Friday, January 28, 2011

Now this is a functional movement screen

Simply asked this athlete to 2 step, hop, return, and repeat 10x.

Sagittal plane task, we should expect stability in the other two planes.

Frontal plane:  Elevated R ilium, knee valgus.
Transverse:  R shoulder, pelvis L rotation, knee, foot IR.

Why don't we see the foot collapsing also?


Brian Green said...

Perhaps the instability is coming from the top down...?

JH said...

Hip controls transverse plane. THat's where the faling in occurs.

Joe Przytula said...

I'm thinking his may be a subconscious effort to add more T-plane glute to the equation to assist the quadriceps by way of the IT band. Usually a sign of weak quads. It's very common.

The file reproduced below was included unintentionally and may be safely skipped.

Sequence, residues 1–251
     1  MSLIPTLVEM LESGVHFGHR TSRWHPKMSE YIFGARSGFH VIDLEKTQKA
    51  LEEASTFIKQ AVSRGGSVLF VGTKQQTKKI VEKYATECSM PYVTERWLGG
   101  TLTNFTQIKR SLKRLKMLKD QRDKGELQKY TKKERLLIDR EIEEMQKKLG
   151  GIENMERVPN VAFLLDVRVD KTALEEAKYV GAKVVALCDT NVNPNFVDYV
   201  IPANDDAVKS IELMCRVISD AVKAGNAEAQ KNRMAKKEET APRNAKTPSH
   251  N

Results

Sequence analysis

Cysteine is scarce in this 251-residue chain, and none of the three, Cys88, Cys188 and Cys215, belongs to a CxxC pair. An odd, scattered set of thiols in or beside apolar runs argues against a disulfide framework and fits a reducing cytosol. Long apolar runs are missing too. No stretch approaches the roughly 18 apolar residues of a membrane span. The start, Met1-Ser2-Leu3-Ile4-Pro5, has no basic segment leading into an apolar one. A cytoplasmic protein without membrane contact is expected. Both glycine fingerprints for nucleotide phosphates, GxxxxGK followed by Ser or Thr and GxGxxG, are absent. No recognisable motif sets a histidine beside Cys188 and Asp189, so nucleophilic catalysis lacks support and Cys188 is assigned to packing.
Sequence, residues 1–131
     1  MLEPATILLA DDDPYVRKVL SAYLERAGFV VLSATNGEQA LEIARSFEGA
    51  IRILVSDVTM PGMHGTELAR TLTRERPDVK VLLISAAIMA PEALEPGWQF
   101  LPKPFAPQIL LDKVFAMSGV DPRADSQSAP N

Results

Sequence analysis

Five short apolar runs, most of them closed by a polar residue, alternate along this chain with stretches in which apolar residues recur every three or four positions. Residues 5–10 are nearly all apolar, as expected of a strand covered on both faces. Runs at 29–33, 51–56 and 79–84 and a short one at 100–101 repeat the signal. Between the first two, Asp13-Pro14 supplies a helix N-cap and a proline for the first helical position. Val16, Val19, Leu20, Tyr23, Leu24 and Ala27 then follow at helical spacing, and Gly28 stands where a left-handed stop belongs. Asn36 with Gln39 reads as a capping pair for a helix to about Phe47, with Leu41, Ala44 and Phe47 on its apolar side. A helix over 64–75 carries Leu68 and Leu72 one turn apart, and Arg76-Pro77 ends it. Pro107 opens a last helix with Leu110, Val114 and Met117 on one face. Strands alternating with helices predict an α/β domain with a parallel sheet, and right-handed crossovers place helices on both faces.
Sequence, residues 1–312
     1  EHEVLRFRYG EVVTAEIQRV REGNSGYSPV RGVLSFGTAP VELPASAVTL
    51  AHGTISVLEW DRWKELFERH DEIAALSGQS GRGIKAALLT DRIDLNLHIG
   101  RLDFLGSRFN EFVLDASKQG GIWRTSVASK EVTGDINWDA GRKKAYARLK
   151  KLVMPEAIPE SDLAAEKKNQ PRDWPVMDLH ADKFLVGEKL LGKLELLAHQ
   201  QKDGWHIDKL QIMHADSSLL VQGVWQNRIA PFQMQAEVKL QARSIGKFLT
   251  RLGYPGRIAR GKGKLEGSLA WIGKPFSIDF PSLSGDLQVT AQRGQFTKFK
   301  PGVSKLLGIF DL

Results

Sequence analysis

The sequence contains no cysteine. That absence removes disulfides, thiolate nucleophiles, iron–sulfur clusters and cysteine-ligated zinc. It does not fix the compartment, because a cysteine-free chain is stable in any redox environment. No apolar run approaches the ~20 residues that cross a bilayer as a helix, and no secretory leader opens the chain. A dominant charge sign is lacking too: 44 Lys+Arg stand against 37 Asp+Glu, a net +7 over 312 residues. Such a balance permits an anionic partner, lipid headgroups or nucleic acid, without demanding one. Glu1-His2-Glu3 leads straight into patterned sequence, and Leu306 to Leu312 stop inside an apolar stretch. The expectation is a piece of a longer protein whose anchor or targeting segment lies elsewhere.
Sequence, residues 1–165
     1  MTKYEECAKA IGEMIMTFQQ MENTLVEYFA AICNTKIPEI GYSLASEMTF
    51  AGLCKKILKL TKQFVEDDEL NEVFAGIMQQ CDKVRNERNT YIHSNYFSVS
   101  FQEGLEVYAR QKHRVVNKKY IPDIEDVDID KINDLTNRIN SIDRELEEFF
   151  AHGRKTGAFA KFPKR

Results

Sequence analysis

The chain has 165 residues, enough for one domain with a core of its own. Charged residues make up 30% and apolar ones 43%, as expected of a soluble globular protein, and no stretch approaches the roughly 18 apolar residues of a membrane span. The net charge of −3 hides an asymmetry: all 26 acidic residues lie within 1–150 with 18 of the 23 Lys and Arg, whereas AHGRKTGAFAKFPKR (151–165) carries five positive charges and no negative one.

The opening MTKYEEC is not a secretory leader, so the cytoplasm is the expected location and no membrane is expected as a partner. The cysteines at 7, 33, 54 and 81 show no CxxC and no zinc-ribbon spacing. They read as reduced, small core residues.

JH said...

IT looks like his shoulders are going clockwise in the transverse plane just based on what I see his arms doing as drivers. So what I would do (if he is subconsciously adding T-plane) is have him do the same movement but drive his arms counterclockwise to see if his LE does the same/similar pattern or something all together different. If it is something all together diferent such as clockwise rotation in the T-plane from the LE then I would conclude it is not subconscious and possibly more in the hip region and not the quad. Just a thought.

Jack Martin said...

Joe, What about holding a med ball over his head to control rotation? Martin

Joe Przytula said...

It's "she", I misspelled "the".
Holding the hands up over the head, with or without a med ball "tweaks out" the thoracolumbar fascia, increasing the contibution of the quadriceps to the hop, magnifying the dysfunction.